online is the answer - what's the question?

The survival kit of the 21st century artist

As an artists who wants to survive financially you know there is more to it all than being educated, talented and hard working. One public secret to this is going online in a big and equally public way.

how to survive as an artist

If you want any time left to produce your art then online presence is the answer. You will come further, faster and cheaper online than by any other promotional means.

In short you need the online jungle as:
1 opportunity finder
2 show case
3 a place to receive mention and
4 a barometer of gallery perceptions.

As the latter is a paralysing concern amongst artists, it receives extra attention here.

1 Opportunity finder

Just about anyone an artist would want to talk to can be found on the web. In addition, there are a number of useful sites emerging that are dedicated to artists finding new opportunities in the form of awards and grants, entry dates on competitions and invitations to residentials. The impressive website Re-title with its newsletters is a place any artist should frequent.

2 Show case your art online

Get your work out there, and no it is not possible to be over-exposed. Join the various art networks such as Saatchi art, redbubble, or Behance or anything else that is the flavour of the month.

Then create your own portfolio site or have one for free at Vix. Enter any or all of the naff social media that sprawls up everywhere. The usual suspects here are Facebook, Twitter, Pinterest and Instagram accounts. But Youtube and Vimeo are also great places to discuss your art, show your studio or display your artistic process.

Facebook has the reputation of ‘look mum’ non-events, but for many artists the social network has become a turning point in their commercial career. At the very least they enjoy a dialogue about their work that they would otherwise not achieve.

Pinterest is mocked as the girlie one of the socials, and the proof is in the pudding both demographically and content specifically. But pins of art do remarkably well in there. Instagram is also to be reckoned with. On Instagram, the top art collector Jens-Peter Brask looks up emerging talent before it identifies itself as such. The winning formula is his head and his iphone and the convenience of instagram.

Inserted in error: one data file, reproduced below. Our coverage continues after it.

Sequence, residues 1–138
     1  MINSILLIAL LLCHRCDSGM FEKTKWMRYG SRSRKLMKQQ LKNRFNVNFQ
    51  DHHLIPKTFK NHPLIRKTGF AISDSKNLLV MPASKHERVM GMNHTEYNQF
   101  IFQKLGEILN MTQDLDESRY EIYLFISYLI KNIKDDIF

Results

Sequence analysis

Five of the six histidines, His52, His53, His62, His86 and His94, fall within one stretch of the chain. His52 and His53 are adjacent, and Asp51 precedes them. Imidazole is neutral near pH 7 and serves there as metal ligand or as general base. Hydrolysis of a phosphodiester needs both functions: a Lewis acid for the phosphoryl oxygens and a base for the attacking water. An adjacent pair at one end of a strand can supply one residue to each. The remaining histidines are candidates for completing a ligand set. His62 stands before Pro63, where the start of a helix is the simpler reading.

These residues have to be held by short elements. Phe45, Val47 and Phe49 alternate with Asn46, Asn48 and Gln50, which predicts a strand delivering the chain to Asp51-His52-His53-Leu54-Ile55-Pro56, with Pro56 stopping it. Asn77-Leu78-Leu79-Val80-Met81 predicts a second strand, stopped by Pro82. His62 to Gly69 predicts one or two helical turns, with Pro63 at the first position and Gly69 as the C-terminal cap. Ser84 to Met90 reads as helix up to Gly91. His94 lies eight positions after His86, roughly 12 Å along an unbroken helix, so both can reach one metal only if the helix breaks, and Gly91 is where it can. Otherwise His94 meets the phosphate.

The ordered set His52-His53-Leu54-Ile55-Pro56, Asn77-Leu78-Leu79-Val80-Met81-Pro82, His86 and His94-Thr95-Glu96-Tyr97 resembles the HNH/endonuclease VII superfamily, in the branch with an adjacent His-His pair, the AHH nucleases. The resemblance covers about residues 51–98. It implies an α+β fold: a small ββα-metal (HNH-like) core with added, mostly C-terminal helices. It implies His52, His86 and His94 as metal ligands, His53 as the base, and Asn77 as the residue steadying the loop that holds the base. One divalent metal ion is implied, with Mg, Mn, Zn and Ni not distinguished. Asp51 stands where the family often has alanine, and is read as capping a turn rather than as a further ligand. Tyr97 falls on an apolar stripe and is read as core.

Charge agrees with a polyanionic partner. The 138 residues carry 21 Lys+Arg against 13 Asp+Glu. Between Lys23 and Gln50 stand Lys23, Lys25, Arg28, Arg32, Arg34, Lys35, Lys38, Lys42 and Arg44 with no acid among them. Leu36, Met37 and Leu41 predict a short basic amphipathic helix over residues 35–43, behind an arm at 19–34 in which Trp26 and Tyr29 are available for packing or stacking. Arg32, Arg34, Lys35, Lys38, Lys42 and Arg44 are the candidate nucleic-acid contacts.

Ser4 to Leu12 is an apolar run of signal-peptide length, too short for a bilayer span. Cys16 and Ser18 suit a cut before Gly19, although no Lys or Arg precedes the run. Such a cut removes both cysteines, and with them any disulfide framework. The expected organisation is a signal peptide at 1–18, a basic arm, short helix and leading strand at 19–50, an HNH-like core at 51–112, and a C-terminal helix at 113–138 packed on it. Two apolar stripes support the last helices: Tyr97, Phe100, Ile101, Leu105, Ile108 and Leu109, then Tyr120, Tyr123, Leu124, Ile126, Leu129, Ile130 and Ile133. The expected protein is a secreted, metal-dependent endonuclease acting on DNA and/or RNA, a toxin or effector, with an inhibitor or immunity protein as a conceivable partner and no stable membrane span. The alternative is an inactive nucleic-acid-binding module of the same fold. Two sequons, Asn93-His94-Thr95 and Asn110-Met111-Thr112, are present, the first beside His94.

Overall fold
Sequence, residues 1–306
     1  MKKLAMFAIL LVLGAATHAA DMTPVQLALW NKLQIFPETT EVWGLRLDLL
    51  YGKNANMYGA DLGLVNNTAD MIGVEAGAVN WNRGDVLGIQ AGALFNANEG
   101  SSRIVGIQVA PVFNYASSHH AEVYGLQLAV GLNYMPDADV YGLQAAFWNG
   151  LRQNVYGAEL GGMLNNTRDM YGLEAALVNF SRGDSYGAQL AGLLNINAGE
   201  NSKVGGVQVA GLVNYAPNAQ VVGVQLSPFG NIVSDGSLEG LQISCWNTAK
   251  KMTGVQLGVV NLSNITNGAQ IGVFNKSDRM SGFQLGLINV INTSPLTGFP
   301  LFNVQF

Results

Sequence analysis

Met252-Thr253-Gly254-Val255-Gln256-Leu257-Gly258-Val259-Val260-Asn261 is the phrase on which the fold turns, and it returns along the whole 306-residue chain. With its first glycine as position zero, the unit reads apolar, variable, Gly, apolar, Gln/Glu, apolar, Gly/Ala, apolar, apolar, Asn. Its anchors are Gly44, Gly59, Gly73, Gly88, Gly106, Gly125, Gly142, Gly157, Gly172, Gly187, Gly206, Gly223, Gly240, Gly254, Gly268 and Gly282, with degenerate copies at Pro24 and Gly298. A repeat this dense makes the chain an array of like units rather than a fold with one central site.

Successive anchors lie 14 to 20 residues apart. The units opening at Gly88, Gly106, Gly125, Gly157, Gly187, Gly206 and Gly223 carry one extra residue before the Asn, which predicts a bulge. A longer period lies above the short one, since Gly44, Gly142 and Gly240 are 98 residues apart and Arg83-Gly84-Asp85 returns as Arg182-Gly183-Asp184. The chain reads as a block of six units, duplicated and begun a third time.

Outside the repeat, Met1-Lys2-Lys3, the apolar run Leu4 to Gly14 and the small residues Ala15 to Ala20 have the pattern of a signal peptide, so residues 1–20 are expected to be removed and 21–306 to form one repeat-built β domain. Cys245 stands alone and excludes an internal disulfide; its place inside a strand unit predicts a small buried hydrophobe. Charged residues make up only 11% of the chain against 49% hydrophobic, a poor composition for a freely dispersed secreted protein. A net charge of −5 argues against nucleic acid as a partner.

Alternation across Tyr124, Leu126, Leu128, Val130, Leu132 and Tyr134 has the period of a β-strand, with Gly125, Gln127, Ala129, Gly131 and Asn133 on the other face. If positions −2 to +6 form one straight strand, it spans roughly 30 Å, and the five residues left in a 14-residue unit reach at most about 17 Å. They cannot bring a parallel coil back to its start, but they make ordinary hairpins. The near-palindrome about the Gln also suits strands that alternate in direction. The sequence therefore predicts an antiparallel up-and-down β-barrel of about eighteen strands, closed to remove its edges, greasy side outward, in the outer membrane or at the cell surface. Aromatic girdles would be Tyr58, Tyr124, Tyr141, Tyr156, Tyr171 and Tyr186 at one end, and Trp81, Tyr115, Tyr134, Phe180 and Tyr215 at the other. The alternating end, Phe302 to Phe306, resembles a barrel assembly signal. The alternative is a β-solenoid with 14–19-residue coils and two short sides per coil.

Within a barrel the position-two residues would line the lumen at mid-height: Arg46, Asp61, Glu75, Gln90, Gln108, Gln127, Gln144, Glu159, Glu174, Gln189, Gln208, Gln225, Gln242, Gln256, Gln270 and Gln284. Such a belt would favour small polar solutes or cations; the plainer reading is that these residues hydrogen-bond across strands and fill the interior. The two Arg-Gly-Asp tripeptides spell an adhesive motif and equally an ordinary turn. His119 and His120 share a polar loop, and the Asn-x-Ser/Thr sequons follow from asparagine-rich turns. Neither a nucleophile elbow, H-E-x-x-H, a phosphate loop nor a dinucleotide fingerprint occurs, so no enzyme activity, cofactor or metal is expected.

As an artist all of these online efforts are interconnected nodes that beat a path to your door. For years Karinthy’s hypothesis of 6 degrees of separation between any two humans were subjected to academic head- and arse scratching. However, with the advent of personal computing, no one was in doubt anymore. In marketing terms, art is not significantly different from interconnectivity and exchange of other commodities. It is a ‘numbers game.’

If one in 10,0000 pairs of eyeballs considers buying your work, what would happen if there were one million pairs?

Here the clever reader would interject something about market saturation and communication noise. But all things being equal, you do not win as an artist if you do not play the game at all.

Concentrate, Take a deep breath, purse your lips and do blow your own trumpet. You cannot rely on others doing it. And that even if you argue for your introverted nature or the white cube dogma of letting money chase art and not art chasing money.

3 Find people who want to write about your art online

An artist career is often propelled to new heights by being written about. Accept any mention from bloggers, magazines or critics regardless of who they are. If they don’t find you, do not fret about contacting them. Your success rate might even improve by attaching digital snaps of your work, an artist statement and a biography. Before you ask, you are cordially invited to write us.

The emphasis is on online mention. Of course, there is nothing wrong with printed press coverage as long as you understand the following subtleties: On the first day a paper is read as news, on the second it wraps fish and chips, and on the third it is binned. One advantage that the online press has over its printed counterpart is that it stays online forever.